Level 2: Mid-level evidence
Postoperative delirium is common in elderly patients following surgery for hip-fracture repair. Some clinicians may be reluctant to fully treat the postoperative pain due to concerns that opioid treatment could increase delirium risk. In particular, meperidine (Demerol) has been found to be associated with increased risk of delirium in elderly postoperative patients in a systematic review (Anesth Analg. 2006;102:1255-1266).
A study investigated the effects of the opioid hydromorphone on cognitive impairment in a cohort of 236 consecutive patients (mean age 82 years) having hip fracture surgery ( J Am Geriatr Soc. 2011;59:2256-2262). Patients were assessed at baseline for preexisting dementia and were followed for postoperative pain, hydromorphone use, and incidence of delirium. Patients with preoperative delirium were excluded.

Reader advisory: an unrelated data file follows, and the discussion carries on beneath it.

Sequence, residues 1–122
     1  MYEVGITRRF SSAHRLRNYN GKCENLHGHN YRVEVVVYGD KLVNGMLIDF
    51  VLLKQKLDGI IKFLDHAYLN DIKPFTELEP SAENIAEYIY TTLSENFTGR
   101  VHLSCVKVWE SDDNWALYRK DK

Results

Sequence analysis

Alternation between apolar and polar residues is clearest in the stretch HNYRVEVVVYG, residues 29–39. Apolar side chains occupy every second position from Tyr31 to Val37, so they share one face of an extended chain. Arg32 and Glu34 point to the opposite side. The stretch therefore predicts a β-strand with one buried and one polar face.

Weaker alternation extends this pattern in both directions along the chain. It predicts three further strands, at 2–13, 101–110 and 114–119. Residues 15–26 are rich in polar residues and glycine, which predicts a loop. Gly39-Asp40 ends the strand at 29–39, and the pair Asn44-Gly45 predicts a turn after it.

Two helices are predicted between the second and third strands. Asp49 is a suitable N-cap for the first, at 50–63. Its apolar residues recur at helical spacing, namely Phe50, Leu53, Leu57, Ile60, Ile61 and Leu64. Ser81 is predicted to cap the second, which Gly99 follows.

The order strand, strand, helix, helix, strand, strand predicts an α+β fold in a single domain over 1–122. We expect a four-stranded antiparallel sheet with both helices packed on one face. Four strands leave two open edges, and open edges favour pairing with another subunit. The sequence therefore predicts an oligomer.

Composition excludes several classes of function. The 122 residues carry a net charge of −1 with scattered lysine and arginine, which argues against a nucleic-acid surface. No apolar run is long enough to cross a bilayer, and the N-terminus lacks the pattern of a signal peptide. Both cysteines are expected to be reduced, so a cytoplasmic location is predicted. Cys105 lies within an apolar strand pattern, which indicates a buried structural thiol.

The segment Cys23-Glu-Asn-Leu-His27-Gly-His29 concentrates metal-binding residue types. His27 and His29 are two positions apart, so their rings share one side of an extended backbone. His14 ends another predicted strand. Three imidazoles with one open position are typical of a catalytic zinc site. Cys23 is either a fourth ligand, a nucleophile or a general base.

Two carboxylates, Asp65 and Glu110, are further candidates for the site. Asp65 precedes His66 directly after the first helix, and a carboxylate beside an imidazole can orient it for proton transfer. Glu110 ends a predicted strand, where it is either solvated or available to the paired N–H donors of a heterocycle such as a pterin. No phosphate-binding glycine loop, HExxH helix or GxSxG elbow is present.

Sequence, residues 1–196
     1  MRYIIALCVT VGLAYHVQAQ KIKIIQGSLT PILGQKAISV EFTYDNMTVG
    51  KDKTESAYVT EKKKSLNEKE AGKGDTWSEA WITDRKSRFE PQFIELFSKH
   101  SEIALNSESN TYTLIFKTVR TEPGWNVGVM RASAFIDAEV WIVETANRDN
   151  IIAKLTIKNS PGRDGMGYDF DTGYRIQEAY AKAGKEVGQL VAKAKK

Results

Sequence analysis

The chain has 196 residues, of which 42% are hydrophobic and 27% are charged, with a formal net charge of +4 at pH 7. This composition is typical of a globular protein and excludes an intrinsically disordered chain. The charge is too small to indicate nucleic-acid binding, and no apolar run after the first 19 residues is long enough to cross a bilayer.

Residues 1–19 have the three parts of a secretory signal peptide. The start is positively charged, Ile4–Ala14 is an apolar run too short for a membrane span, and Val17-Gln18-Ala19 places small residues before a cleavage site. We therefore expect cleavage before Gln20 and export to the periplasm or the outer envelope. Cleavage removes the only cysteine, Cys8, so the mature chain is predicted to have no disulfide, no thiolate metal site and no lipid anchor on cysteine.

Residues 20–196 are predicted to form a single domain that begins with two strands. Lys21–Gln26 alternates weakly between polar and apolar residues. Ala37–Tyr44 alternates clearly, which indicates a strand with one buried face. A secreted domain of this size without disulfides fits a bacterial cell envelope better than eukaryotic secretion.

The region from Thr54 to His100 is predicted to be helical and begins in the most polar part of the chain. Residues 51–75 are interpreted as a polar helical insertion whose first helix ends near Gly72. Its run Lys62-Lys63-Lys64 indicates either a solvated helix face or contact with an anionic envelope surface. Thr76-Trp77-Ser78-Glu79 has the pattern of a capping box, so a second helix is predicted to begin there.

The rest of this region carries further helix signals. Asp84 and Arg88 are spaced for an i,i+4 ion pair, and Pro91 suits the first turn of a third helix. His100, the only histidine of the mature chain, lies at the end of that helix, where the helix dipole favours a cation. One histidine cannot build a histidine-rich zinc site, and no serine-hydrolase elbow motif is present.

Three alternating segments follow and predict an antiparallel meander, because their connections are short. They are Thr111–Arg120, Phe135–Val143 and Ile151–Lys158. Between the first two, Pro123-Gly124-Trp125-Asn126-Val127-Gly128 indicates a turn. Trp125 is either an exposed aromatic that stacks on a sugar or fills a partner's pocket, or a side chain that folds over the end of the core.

At baseline, 28% of patients had dementia determined by preoperative exam or history. Hydromorphone was given intravenously postoperatively to maintain a pain score <3 on a 0-10 oral rating scale. The drug was given to 93% of patients without dementia and to 83% of patients with dementia.
There was no significant association between hydromorphone use and delirium in either patients without dementia (P=0.33) or patients with dementia (P=0.4). Mean pain scores and opioid use were significantly lower in patients with dementia compared to those without dementia.
The strongest predictor of postoperative delirium was pre-existing dementia: delirium occurred in 51.5% of patients with dementia and in 15.3% of patients without dementia (odds ratio 5.86, P<0.001). Intensive-care-unit admission was also strongly associated with delirium (odd ratio 2.71, P=0.006).
Alan Ehrlich, MD, is a deputy editor for DynaMed, in Ipswich, Mass., and assistant clinical professor in Family Medicine, University of Massachusetts Medical School in Worcester.
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